Campbell’s Serves Up A Bowl Of ‘Digital Fitness’

Want some digital literacy with your can of soup?

With brands ever more ardently trying to connect with consumers, especially that coveted 18-24-year-old demographic, it should go without saying that their marketers need to be on top of what’s going on in digital. But more often than not, established brands struggle to keep up with digital’s rapid evolution.

Campbell’s is here to help. Yes, that Campbell’s.

Adam Kmiec, the global head of digital and social for the venerable canned soup company, is on a mission to ensure that his brand has all the tools to be as “digitally fit” as possible. This week, Kmiec announced via Twitter and on his blog that Campbell’s, a 144-year-old brand, has created a “Digital Fitness Accelerator Kit” to ensure that the organization and its people are up to speed on all things digital.

“Digital fitness is about both a lifestyle choice and an everyday commitment,” he told Digiday.

Toward that end, the kit Kmiec helped put together includes devices like Roku and JawBone, recommended apps – both paid and free along with an iTunes card so that people can download them — and suggested reading, including online news sources and books like “Six Pixels of Separation.” Kmiec and Zach Barkus, head of mobile and emerging media at Campbell’s, hand-picked the items for the kit.

“These items are shaping the ways people connect with each other and manage their lives,” said Kmiec. “Each item in the kit was carefully selected – it had to be relevant, actionable and tied directly to consumer and business trends we believe are important. For example, we know we’re living in a world of quantified lives. We can measure and track just about everything. That’s where the fitness trackers like the JawBone Up or Nike Fuel Band became logical choices.”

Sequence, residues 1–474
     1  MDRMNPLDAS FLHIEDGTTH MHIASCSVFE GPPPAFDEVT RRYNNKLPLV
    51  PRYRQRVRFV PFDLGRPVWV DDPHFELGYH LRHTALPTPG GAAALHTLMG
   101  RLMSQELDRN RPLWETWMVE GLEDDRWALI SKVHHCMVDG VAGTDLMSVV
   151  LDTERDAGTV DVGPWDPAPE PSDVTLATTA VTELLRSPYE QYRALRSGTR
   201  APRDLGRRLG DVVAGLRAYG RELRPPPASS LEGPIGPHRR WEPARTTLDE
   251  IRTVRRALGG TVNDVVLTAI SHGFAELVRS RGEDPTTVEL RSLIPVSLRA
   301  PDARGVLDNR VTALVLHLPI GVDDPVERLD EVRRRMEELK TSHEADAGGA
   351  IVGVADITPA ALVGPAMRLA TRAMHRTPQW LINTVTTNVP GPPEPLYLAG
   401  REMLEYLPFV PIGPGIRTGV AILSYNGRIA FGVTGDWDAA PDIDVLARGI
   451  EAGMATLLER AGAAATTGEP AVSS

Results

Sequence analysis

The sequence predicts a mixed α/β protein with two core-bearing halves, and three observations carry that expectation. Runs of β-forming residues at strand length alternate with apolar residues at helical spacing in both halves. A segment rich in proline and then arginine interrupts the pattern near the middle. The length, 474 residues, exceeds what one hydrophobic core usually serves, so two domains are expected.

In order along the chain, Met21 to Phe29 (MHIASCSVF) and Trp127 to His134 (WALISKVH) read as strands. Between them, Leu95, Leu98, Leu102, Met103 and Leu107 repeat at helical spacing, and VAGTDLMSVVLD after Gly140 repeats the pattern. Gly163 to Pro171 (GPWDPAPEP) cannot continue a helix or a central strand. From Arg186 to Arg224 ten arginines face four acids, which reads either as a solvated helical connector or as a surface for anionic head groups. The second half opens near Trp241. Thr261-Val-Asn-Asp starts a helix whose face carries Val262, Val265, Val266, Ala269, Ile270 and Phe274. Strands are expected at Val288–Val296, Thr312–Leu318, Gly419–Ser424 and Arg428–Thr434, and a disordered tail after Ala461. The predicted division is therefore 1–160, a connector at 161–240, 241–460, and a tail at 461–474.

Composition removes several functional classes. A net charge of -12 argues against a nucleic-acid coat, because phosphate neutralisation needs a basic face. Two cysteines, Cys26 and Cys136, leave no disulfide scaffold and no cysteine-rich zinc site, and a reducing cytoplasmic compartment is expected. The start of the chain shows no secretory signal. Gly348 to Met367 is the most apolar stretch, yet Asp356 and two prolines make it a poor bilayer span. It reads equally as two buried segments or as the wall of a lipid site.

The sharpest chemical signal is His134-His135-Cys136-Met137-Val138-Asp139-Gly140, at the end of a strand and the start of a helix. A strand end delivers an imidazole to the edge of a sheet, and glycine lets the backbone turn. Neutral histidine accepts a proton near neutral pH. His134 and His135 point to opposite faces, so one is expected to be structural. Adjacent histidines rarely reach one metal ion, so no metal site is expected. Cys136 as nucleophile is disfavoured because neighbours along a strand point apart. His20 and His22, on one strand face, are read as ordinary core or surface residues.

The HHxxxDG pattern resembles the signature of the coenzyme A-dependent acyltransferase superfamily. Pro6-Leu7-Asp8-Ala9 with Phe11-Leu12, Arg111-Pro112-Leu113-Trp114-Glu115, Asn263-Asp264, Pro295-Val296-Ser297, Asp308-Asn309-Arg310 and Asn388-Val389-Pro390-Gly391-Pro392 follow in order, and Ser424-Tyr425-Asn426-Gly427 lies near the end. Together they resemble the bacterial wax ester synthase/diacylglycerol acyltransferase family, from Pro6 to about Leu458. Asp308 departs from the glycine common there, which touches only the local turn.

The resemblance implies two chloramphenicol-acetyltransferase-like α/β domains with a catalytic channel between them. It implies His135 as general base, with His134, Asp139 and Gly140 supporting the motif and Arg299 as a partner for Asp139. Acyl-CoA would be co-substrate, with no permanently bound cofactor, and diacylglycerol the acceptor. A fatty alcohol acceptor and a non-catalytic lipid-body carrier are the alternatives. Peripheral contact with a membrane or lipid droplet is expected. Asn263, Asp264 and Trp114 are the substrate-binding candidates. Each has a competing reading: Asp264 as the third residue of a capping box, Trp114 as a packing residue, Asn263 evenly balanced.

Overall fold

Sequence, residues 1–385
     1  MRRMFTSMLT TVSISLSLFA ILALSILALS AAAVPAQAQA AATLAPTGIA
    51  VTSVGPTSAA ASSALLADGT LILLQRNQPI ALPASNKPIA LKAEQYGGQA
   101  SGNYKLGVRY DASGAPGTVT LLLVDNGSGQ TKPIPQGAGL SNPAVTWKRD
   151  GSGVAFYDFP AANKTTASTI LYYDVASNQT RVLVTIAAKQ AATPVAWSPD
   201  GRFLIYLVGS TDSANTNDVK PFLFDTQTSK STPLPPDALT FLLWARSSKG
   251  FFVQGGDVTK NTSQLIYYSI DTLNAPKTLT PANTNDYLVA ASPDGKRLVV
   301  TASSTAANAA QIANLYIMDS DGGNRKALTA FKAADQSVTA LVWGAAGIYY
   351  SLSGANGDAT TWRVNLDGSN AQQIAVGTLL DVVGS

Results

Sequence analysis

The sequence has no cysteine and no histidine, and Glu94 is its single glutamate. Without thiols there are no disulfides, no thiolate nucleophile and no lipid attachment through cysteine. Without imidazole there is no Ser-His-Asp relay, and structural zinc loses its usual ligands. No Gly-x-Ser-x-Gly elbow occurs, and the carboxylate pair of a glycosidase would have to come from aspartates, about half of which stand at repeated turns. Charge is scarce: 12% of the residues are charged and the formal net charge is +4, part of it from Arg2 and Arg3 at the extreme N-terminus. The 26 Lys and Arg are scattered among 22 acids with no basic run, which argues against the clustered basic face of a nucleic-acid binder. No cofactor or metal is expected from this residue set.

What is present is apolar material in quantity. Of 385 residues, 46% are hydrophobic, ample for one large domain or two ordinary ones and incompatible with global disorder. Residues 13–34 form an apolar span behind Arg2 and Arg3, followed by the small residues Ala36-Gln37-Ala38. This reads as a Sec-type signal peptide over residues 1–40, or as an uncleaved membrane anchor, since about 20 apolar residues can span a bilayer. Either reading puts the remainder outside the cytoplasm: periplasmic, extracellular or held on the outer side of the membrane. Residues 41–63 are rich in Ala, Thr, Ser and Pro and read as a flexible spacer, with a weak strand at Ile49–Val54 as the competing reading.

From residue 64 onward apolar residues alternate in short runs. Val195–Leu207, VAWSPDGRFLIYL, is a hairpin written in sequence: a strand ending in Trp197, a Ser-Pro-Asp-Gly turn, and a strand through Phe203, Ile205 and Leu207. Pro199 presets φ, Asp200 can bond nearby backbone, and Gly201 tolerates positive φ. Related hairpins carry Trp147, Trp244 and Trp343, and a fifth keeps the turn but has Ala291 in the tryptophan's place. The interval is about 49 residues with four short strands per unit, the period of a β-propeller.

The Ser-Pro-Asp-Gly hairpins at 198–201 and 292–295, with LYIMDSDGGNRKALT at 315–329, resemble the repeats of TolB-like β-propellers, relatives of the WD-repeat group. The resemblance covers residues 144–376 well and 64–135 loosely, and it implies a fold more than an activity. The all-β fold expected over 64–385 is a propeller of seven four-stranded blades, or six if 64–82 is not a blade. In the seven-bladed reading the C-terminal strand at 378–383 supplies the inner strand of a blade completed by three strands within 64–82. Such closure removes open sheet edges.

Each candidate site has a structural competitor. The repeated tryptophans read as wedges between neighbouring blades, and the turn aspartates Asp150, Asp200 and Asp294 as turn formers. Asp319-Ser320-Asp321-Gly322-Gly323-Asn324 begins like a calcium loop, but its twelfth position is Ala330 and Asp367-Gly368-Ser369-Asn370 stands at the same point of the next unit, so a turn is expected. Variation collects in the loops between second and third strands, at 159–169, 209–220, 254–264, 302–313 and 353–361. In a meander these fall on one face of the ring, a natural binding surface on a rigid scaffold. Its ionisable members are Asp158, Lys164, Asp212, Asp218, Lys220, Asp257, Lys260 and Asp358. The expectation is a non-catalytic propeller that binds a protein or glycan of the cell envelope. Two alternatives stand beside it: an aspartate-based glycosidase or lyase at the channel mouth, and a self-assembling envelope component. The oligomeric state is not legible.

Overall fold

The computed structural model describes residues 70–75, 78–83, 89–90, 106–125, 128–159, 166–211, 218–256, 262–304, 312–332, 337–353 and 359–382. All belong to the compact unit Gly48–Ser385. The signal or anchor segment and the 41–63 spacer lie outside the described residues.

For now, Campbell’s is only giving the kits to a small group of people from across its organization to be the first try them out and provide feedback. Kmiec said it’s too early to say how far Campbell’s will scale its kit’s distribution, since it’s still in a 90-day pilot period.

According an exec from another brand who preferred to remain anonymous, digital fitness isn’t an organization-wide issue, just a concern for the senior executives.

“The younger the marketers are, the less we need to do these things,” said the exec. “We set up things for our older folks like having a list of 15 devices that they need to have and an assignments to complete, like watching something online on Netflix.”

Giving the same kit to every employee at a brand may not make sense. As the brand exec explained, there are initiatives for the senior executives who didn’t grow up with the kind of technology that the younger staffers did, like a reverse-mentor program in which a younger marketer is paired with a senior exec to “ensure that the walls come down and that senior execs can ask real questions about what they don’t understand and where they are behind.”

“A kit might not be the ready delivery device for every organization,” said Kmiec. “But every organization needs an approach for filtering the signal from the noise, identifying the right trends to focus on and improving their level of digital fitness.” Something to think about over your next can of delicious tomato soup.

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